Today I took my bike for a spin into town to go to the weekly Gumusluk market. The market here is quite small but has nice fresh vegetables and a couple of stalls with beautiful fabrics. I bought 3 very inexpensive small table cloths, one handmade in beiges, browns, and a bit of gold, and two other machine made ones in red and gold and purplish-blue and gold. These I will use for my installations. I also zipped down to the harbour and sat by one of the marble seaside sculptures eating a spinach and cheese borek. Of course, the moment I sat down, a cat appeared and I shared my treat with it. Then, naturally, several other cats came rushing over, hoping for a bite.
I love korek plants – they are so strange looking, almost humanoid. The large flower-like heads have identical smaller flower-like heads protruding out of them. In some lights, and from some angles, these smaller appendages look like hands and fingers. I have been collecting them, both relatively fresh green ones and dry stalks, for installations. Since they are such interesting shapes, I had been wondering what these flowers would look like if illuminated by candle light from below. I also wondered what kind of shadows they’d cast against a white wall.
I set up a tableau of korek plants downstairs in the studio, including a wooden table, a wooden chair, two hands holding crepe paper ribbons, one large candle, and 17 small tealight candles. On the table I arranged ten flower heads in glasses filled with water in a triangular formation, called by the ancient Pythagoreans the tetractys, the number of the universe. Ten is the sum of the first four numbers, 4+3+2+1 – my korek flowers are arranged in rows representing this summation. The candles are also arranged in a triangular formation under and around the flowers, causing them to cast shadows on the wall behind. The water in the ten glasses moves ever so slightly, also causing interesting shadows to be created when illuminated by the twelve tiny candles.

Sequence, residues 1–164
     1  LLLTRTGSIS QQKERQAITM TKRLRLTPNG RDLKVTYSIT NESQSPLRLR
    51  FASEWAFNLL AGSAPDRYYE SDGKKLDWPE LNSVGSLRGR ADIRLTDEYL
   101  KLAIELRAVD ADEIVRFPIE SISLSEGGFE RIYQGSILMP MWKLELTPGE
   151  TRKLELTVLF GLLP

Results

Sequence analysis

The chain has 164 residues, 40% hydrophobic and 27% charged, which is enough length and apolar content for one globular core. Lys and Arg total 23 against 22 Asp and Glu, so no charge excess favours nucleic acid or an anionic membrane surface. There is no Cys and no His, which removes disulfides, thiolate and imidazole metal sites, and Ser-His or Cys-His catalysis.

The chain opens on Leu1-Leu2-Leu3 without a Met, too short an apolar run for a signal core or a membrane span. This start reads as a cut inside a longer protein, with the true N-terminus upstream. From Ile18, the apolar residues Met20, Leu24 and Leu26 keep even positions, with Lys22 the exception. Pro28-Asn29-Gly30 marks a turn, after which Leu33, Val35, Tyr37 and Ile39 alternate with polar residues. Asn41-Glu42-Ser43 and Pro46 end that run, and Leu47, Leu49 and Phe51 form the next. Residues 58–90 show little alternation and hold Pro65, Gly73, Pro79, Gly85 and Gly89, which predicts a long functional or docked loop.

The Pythagoreans represented numbers by patterns of dots, probably a result of arranging pebbles into patterns. The resulting figures have given us the present word figures. Thus 9 pebbles can be arranged into 3 rows with 3 pebbles per row, forming a square. Similarly, 10 pebbles can be arranged into four rows, containing 1, 2, 3, and 4 pebbles per row, forming a triangle.
One particular triangular number that the Pythagoreans especially liked was the number ten. It was called a Tetractys, meaning a set of four things, a word attributed to the Greek Mathematician and astronomer Theon (c. 100 CE). The Pythagoreans identified ten such sets.
Ten Sets of Four Things
|Living Things||seed||growth in length||in breadth||in thickness|
|Ages of a Person||infancy||youth||adulthood||old age|
|Parts of living things||body||three parts of the soul|
Read more about the Pythagoreans here.
See pictures here.